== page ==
The Biden administration should prioritize reducing drug prices and expanding the Affordable Care Act, healthcare providers said in a new survey.
More than 30% of 140 executives polled in mid-January recommended that the Biden administration focus on reducing drug prices, while nearly 25% advocated expanding the ACA, according to an Advis survey. Closing the Medicaid gap and establishing a public option were lower on the wish list, with implementing a Medicare for All program garnering the least support.
“The C-suite more or less wants the status quo, but they need to operate at a break-even level or profit,” said Lyndean Brick, CEO of the healthcare consultancy Advis, adding that high drug prices eat into providers’ profit. “I think there will be a lot of bipartisan support for bringing the price of drugs down.”
President Joe Biden signed an executive order Thursday to give Americans more time to sign up for a health plan through the ACA marketplace. The order also seeks to protect and strengthen Medicaid and the ACA by reexamining policies, demonstrations and waivers that obstruct coverage, like Medicaid work requirements.
On the drug pricing front, Biden delayed a rule finalized in December that would force community health centers to pass 340B drug discounts to patients. While the Trump administration aimed to lower out-of-pocket costs, providers worried that it could reduce access and jeopardize low-margin federally qualified health centers.
“That is a really onerous provision, and it could really hurt FQHCs and community health centers,” Brick said.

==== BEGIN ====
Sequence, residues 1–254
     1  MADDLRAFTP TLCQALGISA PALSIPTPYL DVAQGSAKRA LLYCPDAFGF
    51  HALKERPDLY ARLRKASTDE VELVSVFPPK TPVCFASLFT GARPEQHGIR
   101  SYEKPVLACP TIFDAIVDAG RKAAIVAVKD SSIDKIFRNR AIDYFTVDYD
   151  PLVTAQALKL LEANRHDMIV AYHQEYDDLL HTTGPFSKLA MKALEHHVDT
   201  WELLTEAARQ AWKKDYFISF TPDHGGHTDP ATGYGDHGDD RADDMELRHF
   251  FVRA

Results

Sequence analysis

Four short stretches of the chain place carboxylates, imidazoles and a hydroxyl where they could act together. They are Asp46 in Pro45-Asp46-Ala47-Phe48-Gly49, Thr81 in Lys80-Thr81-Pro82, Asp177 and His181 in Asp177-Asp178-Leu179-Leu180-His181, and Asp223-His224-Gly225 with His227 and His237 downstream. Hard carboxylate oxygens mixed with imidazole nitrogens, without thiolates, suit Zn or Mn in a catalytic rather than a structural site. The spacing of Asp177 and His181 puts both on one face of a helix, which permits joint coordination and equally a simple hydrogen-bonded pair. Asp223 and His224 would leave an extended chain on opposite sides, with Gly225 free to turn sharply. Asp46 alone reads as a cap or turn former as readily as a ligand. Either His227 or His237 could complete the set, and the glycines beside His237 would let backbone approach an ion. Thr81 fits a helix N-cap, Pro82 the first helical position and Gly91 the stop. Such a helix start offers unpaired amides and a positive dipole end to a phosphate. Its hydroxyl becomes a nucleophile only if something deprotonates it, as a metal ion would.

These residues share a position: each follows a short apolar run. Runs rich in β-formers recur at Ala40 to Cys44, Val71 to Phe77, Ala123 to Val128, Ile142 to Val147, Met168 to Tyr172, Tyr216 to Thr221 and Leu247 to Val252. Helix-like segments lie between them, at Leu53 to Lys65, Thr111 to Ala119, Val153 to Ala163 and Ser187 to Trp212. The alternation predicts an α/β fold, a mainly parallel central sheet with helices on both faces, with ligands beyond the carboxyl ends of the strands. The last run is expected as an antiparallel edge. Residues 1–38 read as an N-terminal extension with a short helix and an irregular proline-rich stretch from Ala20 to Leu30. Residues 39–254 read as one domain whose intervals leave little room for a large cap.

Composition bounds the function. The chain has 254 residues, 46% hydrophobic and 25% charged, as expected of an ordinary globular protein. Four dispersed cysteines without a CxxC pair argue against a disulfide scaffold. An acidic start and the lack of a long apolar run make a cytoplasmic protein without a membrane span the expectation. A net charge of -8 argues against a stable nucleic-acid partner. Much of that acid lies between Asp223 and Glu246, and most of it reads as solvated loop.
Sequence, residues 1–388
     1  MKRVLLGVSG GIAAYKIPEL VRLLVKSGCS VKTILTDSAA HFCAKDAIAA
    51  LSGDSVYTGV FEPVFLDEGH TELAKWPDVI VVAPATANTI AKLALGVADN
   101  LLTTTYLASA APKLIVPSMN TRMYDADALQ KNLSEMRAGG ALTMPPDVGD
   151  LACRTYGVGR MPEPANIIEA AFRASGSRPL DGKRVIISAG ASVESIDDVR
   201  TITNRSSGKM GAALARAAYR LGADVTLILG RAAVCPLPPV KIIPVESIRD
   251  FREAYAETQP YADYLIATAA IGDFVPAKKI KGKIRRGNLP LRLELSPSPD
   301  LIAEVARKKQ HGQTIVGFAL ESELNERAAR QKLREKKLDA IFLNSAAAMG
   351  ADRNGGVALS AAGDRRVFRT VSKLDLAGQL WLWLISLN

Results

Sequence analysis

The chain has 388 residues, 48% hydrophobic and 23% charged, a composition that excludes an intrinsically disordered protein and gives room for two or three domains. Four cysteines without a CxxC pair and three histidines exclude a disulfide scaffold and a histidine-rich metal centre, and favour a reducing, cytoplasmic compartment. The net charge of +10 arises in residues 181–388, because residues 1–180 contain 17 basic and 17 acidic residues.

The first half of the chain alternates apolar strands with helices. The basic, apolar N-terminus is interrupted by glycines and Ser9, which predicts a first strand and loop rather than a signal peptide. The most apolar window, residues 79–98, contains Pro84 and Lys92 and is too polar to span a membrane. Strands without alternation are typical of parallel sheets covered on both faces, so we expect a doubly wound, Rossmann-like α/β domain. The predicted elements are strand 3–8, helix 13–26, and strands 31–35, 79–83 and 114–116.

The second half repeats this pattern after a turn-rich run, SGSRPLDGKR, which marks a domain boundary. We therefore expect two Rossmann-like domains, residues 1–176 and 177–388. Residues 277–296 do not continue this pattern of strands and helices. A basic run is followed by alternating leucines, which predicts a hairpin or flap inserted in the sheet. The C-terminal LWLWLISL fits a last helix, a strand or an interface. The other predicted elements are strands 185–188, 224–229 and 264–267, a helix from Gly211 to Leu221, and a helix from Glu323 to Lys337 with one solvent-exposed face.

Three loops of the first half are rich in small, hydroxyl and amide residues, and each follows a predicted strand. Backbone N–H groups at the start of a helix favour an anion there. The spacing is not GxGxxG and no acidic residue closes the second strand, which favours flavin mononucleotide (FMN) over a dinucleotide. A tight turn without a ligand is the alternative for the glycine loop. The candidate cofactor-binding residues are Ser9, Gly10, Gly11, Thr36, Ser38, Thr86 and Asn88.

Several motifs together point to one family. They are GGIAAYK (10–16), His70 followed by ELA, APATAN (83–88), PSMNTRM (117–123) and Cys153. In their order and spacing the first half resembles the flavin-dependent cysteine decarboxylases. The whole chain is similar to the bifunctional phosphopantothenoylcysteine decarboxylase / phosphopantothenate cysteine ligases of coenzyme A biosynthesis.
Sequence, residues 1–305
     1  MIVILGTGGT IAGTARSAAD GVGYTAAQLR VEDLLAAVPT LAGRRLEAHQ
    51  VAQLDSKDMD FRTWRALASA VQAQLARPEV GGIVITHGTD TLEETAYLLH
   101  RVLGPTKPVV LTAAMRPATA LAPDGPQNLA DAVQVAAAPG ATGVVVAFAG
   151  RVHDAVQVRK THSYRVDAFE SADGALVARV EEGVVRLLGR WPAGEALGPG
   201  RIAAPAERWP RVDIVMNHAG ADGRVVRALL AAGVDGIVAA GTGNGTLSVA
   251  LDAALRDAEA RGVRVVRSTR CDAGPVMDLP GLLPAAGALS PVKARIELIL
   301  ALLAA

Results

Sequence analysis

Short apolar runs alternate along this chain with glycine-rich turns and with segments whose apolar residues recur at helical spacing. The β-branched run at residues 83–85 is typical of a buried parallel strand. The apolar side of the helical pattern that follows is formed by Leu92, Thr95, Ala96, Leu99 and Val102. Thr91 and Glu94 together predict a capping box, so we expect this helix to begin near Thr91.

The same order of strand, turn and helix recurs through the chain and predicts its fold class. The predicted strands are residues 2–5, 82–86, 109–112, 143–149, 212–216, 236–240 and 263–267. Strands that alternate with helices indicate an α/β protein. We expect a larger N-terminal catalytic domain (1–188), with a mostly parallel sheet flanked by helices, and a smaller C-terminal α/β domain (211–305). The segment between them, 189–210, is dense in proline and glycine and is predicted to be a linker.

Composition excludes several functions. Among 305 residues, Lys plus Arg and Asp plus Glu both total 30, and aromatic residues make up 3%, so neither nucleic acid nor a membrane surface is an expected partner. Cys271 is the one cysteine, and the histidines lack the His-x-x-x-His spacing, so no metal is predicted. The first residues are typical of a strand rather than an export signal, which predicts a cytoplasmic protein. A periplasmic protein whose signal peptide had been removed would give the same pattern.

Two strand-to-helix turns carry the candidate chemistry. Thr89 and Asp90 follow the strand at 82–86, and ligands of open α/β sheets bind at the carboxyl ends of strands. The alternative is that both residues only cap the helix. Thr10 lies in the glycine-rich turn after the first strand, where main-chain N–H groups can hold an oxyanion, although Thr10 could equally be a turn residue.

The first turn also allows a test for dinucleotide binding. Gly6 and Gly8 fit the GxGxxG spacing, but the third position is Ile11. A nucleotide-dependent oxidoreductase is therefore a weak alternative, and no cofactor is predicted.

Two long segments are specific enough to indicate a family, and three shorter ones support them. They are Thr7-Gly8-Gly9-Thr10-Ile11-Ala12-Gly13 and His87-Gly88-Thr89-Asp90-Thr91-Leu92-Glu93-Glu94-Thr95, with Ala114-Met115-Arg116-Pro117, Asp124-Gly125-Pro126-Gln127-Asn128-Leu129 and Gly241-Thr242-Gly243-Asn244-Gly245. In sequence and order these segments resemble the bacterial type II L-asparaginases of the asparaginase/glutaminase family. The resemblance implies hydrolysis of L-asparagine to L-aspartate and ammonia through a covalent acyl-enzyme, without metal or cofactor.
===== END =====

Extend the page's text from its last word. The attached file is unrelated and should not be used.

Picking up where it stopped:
Many healthcare executives expect the Biden administration to obligate drug manufacturers to offer 340B pricing, expand 340B eligibility and clear up any ambiguities in the program’s rules and regulations, according to the survey.
Although there wasn’t as much support for implementing a public option, which would allow working-age adults to choose a public insurance plan, half of the healthcare executives polled expect Biden to act on it. They also expect, to a lesser extent, scrutiny of healthcare mergers and acquisitions to continue to rise and legislation that allows more consumers to buy drugs from other countries.
The Biden administration will likely address surprise billing by boosting price transparency initiatives, executives said. Hospitals had to publish their payer-negotiated rates for at least 300 shoppable services starting Jan. 1, but many have either failed to do so or obfuscated the rates.
Advis also asked executives whether Congress should eliminate the filibuster. Nearly half said no, a third said yes and the remainder were unsure.
“Providers seem to expect to see some legislative activity, which overall should be positive for the industry,” Brick said. “This filibuster really becomes key—if it’s eliminated, there is going to be much more reform.”